Total growth in the wine industry is levelling out according to a major bank's report on the industry

There are some words of warning in the latest review of the US wine industry by the Silicon Valley Bank.  The largest growth period in the industry's history might be coming to an end. Since 1994, the industry has experienced long-term trends of increasing volumes and higher prices, with only minor flattening periods during recessions. Today, the SCB report says, consumers are leaving the lower price segments in favor of better-quality offerings, but after more than 20 years of straight-line growth trends, total volume growth is leveling out.

"Premiumization is still the dominant trend, so volume drops in lower-priced generics are part of the explanation for flattening volume; but in a more recent development, even premium wine growth is slowing.
Winery owners, who have seen grape prices escalate markedly over the past five years, are finding that cost increases are difficult to pass on to new consumers, who are signaling that they have a lower indulgence ceiling than have prior generations. While the economy overall, as of this writing, is demonstrating the best results since the 2007–2009 recession, the economic circumstances that set the stage for the industry’s 20-year growth trajectory cannot be repeated. The factors that made you successful to this point will not enable you to sustain that success. This means the winning sales strategies you are leveraging in the operating environment today will slowly prove fallible tomorrow.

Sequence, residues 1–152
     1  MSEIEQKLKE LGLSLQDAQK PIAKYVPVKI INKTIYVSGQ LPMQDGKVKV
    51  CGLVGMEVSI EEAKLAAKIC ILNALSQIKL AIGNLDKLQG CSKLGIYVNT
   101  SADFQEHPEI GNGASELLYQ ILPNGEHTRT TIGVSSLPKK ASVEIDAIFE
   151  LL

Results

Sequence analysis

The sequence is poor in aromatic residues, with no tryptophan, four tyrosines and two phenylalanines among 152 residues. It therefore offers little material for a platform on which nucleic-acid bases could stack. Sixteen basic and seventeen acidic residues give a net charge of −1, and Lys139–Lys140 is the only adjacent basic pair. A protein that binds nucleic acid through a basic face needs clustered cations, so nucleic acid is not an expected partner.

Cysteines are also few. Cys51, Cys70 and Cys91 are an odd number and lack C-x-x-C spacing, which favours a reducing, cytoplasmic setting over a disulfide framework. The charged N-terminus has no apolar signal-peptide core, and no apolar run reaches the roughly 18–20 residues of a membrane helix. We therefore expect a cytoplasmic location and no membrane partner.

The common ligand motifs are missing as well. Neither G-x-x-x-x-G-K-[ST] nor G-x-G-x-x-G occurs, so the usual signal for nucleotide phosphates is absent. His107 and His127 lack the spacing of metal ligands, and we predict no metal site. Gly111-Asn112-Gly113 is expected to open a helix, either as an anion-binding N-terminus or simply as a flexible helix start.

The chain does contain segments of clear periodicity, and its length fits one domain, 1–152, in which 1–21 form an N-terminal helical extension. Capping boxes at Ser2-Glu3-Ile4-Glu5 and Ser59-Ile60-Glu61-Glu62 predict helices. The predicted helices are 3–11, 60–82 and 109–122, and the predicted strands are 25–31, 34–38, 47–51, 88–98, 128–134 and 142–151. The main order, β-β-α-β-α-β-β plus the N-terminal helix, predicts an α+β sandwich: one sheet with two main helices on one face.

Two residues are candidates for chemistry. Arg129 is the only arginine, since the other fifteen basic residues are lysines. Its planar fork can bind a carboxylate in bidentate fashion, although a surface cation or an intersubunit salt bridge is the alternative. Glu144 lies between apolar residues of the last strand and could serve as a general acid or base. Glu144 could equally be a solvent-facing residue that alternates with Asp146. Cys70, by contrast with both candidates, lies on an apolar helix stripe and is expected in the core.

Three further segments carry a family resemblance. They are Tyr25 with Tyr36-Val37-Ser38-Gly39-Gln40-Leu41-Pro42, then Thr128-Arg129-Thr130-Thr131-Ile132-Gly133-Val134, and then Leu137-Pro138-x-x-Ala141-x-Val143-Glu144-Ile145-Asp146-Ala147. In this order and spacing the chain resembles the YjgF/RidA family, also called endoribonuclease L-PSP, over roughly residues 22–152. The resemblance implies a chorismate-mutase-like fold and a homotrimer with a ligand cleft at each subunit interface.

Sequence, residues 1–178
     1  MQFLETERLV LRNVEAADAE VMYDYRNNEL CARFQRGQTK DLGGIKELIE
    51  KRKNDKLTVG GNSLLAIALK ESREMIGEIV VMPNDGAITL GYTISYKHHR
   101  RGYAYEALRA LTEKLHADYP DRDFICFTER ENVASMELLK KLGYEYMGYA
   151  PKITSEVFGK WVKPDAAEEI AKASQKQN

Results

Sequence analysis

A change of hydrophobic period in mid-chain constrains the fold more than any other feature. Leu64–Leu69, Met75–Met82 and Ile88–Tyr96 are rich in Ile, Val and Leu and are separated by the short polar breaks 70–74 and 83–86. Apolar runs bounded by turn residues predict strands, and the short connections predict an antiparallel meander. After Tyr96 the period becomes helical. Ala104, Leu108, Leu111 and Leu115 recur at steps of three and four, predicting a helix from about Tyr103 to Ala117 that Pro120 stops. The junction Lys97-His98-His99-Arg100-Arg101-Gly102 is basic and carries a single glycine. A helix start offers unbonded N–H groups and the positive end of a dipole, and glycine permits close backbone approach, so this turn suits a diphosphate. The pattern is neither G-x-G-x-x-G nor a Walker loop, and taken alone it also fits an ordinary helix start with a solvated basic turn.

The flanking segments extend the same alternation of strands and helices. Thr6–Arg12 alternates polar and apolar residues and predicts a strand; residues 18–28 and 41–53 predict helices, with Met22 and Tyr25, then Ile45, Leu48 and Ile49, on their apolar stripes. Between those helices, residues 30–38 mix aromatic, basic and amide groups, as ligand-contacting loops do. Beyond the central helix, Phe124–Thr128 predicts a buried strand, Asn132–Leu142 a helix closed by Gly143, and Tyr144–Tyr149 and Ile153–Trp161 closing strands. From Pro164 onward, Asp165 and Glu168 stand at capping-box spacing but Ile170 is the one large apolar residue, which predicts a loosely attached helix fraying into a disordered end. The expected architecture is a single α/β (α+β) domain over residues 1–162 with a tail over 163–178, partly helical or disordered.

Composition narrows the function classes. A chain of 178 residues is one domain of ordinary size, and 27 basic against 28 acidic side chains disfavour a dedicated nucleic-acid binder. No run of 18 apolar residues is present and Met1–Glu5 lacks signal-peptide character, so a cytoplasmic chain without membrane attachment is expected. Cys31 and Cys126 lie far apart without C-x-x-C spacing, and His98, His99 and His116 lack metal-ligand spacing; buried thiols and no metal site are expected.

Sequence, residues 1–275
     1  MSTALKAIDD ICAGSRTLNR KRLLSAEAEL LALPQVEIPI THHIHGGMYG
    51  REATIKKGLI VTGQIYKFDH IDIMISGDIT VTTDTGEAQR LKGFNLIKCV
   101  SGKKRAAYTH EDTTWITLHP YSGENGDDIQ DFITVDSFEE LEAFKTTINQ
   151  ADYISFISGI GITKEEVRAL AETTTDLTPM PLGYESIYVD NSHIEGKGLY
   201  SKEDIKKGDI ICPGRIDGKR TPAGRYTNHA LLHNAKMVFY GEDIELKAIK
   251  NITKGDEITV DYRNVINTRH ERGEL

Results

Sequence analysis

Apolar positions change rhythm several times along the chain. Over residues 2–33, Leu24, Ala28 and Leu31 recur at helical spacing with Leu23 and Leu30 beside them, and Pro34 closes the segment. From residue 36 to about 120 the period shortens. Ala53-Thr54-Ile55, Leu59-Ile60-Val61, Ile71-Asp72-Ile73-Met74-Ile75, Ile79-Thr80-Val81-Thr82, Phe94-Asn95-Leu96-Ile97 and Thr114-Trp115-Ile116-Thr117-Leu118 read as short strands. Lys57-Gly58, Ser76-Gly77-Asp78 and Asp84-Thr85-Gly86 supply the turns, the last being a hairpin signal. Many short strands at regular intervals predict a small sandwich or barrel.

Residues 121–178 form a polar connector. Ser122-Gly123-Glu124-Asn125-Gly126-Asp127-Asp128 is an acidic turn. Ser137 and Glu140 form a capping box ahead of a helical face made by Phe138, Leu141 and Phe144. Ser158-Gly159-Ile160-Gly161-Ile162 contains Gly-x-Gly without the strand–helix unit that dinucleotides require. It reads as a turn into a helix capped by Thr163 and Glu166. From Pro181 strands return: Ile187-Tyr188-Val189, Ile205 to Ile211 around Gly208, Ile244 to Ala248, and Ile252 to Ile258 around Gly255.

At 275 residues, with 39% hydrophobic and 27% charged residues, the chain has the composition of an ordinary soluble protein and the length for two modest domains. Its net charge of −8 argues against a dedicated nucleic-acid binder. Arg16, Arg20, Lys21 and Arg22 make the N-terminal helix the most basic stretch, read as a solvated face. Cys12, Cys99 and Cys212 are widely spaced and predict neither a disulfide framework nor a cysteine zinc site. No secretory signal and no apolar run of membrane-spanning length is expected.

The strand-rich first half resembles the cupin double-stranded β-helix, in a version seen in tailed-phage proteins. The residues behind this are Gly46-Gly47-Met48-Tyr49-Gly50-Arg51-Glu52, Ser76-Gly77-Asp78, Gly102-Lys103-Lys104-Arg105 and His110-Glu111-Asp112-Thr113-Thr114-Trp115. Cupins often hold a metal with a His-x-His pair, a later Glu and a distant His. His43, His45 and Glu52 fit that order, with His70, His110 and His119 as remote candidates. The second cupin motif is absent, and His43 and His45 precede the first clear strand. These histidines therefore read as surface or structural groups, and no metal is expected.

Successful wineries 10 years from now will be those that adapted 
to a different consumer with different values — a customer who 
uses the internet in increasingly complex and interactive ways,
is frugal and has less discretionary income than their predecessors.
Successful companies will be those that evolve retail 
strategies away from the winery location as the sole point of 
experience and find other, scalable means of delivering the 
experience — and the wine — to consumers where they live."

The report notes that the break point between growth and decline in sales falls at around $9, and in 2017 the segment below $9 declined in both dollars and case volume. The only countervailing dynamic of the trend, it says, has been a short-lived improvement in $3 to $6 wines,"but even that miniscule bright spot is not what it seems. It really is reflective of larger-format box wine." In the $3 to $6 wines all the formats are converted to 750-milliliter bottle equivalents and $14+ box wine is a growth segment.


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